A few months back, I left the world of WordPress analytics (Jetpack) for the more in-depth world of Google Analytics. I still use WordPress’ Jetpack on a daily basis to see how many hits I’ve gotten on that day, but when it comes to really breaking down your traffic and getting detailed analytics, nothing can take the place of Google Analytics.
It’s easy enough to install on your blog, too. I use Yoast’s Google Analytics plugin. Once you have it installed, you can start to mine your data.
Google Analytics almost gives you too much information. It can be quite overwhelming. One thing you may want to be aware of is something called your Bounce Rate. Bounce Rate is the amount of people that come to your blog and read just one page before clicking off and going to another website.
In the grand scheme of things, you want your bounce rate to be as low as possible. You want people to stay on your site as long as possible. But for bloggers, your bounce rate may be higher than a traditional website, because it’s possible people may come to your site just to read today’s post (because they’ve already read your past posts), and then get on with their day.
Bounce rates for blogs are much higher (70-98% according to this source) than standard websites (somewhere around 40%).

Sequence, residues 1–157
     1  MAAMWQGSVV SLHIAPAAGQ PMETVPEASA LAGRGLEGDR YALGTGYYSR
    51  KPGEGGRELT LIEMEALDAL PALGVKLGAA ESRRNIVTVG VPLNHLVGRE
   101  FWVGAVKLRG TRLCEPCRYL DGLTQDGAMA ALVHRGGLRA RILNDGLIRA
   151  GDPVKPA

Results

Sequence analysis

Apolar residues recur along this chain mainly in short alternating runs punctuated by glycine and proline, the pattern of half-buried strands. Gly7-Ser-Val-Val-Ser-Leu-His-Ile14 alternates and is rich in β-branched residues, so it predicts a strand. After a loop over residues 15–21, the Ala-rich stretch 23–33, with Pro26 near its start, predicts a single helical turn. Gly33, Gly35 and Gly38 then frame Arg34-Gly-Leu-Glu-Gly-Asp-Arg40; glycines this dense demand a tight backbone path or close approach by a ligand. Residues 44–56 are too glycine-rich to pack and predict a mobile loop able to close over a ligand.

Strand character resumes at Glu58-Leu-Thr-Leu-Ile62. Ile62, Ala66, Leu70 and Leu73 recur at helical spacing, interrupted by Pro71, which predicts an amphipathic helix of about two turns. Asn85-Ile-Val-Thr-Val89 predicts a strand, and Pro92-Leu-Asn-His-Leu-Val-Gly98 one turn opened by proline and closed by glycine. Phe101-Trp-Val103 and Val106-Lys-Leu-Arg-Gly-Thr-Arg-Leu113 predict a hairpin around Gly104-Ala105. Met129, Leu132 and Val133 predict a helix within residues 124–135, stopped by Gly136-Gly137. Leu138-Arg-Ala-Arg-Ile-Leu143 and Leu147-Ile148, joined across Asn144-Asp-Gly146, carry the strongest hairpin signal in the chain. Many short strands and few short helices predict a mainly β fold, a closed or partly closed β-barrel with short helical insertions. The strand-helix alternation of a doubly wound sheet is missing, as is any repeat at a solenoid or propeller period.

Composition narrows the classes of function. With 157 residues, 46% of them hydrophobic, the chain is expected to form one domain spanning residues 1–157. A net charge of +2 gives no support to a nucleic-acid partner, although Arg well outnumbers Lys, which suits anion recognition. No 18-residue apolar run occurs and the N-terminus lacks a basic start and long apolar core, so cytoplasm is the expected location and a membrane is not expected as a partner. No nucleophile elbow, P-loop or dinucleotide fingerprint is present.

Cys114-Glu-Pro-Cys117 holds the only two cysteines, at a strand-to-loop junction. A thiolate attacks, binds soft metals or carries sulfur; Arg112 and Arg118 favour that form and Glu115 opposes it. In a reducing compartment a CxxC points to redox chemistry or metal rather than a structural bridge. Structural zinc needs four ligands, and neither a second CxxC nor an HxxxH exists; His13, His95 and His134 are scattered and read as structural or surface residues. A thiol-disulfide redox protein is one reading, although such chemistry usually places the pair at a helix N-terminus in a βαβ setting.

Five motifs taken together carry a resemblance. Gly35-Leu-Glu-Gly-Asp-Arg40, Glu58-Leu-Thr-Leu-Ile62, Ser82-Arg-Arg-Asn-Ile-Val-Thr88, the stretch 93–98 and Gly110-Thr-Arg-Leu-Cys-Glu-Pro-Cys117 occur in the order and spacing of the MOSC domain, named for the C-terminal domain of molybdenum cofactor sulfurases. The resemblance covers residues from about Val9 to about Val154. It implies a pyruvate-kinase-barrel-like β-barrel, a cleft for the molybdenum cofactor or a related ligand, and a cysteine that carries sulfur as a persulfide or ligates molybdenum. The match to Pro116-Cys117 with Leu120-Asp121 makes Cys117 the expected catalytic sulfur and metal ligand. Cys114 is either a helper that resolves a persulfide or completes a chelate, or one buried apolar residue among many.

My current bounce rate is around 71%.
Here are some things you can do to help lower your blog’s bounce rate:
1. Internal linking: This is when you reference a previous blog post you’ve written in a post. I often start a blog post with “A few weeks ago, I wrote this post on x” and hyperlink back to the original post. What this does is it leads the reader down the rabbit hole of your blog; they’ll want to explore more deeply and read past posts. In addition, internal linking is great for SEO!
2: Install a “related posts” plugin: There are tons of them out there, but I use YARPP. It automatically generates a tag at the bottom of every post that says “If you liked this post, you may also like…” and shows the reader four options. Options are generated based on keywords and tags, but you can modify them if you like. You also have the option to have the plugin be very visual (showing images) or not (plain text).
3. Serial: it’s not just for breakfast anymore! A great way to get people to delve deeper into your blog is to write serial posts. This is when you write a series of posts related to a certain topic, and publish them on a regular basis. You could do several posts in one week, or a series of posts over many weeks or months. Just be sure that you link from one post to another, or create a new page on your blog that lists all the posts in the series.
4. Convert first-time readers to subscribers. To some degree, your bounce rate becomes moot if people are subscribing to your RSS feed. Because you know they are coming back every time you publish a new post. You have a bunch of options here. I use a couple of different plugins: What Would Seth Godin Do puts a reminder to first-time viewers of your blog at the top of each post. If the reader doesn’t subscribe, after about 5 times, the reminder goes away. I also use another plugin, Subscribe Remind, which shows up at the bottom of each post, reminding the reader to subscribe to my RSS feed in a reader, or by email.